My name is Allison and I am from New Jersey. I am currently a senior at the University of Miami in Florida. I am studying health science and psychology on the pre-physiotherapy track. I decided to come to Ghana for many reasons. First, I have had many experiences shadowing physiotherapists in the United States. I have worked in hospitals, outpatient clinics, and Pilates environments. After getting an idea of what physiotherapy is like here in the United States, I was curious to see what it could be like somewhere completely different.
Another reason I chose to go to Ghana with Projects Abroad was the fact that I have never travelled on my own. I have never been anywhere outside of the east coast of the United States and I have always wondered what experiencing another culture would be like. I had always dreamed of visiting Africa.
The final reason I decided to travel to Ghana with Projects Abroad was that giving back and helping others is one of my favourite things to do. Giving back is something that makes me unbelievably happy and I hope to make others happy as well. Due to these three reasons, I began searching the web for ways to do all three. I found Projects Abroad where I could observe physiotherapy, travel to a new country, and give back to those in need. After much research, Ghana seemed like the right fit for me.
The journey began at home, with filling out my visa application, getting vaccinated, gathering donations from friends and family, and packing up clothing and bug spray. I travelled from New Jersey to Ghana with a quick layover in London. When I got to Ghana, I was driven to my placement in Nungua, a suburb of Accra. I met my host family and quickly felt welcomed. Soon, I met my roommates, volunteers from all over the world. My family in Ghana instantly made me feel welcome. They always made sure I was well fed. We had three meals prepared for us per day.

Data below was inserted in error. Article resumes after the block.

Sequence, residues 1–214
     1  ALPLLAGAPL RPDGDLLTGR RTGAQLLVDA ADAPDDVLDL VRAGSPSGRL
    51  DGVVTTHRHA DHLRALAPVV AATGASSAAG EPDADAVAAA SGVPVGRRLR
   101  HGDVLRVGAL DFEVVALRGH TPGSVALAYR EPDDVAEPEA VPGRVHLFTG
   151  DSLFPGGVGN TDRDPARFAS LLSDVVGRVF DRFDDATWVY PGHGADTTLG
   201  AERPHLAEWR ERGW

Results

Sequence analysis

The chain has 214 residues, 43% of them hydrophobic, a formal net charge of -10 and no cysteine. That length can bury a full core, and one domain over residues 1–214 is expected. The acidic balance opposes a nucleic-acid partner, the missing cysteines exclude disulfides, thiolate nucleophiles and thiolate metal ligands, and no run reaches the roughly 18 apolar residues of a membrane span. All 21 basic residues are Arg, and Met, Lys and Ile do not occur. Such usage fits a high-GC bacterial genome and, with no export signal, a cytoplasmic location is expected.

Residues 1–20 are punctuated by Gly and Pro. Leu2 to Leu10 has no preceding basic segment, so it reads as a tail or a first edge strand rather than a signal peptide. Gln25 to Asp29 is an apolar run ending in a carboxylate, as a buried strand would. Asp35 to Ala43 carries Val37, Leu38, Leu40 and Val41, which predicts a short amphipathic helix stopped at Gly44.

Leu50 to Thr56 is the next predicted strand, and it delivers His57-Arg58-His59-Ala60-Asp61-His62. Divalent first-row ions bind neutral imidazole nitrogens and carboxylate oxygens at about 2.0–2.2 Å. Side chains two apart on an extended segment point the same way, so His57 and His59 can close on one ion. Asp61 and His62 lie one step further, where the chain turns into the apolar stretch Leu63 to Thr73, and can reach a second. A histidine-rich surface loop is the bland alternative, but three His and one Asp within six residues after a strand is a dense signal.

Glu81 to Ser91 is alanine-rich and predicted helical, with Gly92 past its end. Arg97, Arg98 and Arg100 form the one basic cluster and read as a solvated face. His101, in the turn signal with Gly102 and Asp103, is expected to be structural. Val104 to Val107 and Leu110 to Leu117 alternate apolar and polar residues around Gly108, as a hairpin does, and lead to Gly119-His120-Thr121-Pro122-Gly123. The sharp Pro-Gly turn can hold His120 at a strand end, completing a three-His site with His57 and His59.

The staff members with Projects Abroad were very welcoming. They all reached out to me to make sure I was adjusting well to a new culture and way of life. They made sure I was comfortable in my host placement and in my volunteer work. I felt supported. There was always somebody willing to listen to what I had to say and hear me out on any concerns I had.
On my first day, the Projects Abroad staff took me around and showed me how I would get to work each day. We also visited a local Chop-Chop Bar, where I was able to taste traditional Ghanaian food amongst the locals. The staff made sure we were safe and they planned many events to keep us entertained and engaged throughout the weeks. One evening, I learned to play the drums and had a Ghanaian dance lesson. They even planned trivia nights for us and organised a day for us to paint a local orphanage.
My Physiotherapy placement
My volunteer work in Ghana was something I will cherish and remember for the rest of my life. I spent three weeks at New Horizon Special School working with the physiotherapist, Tony. The school was very nice. Everyone welcomed me with open arms and showed me how the school ran.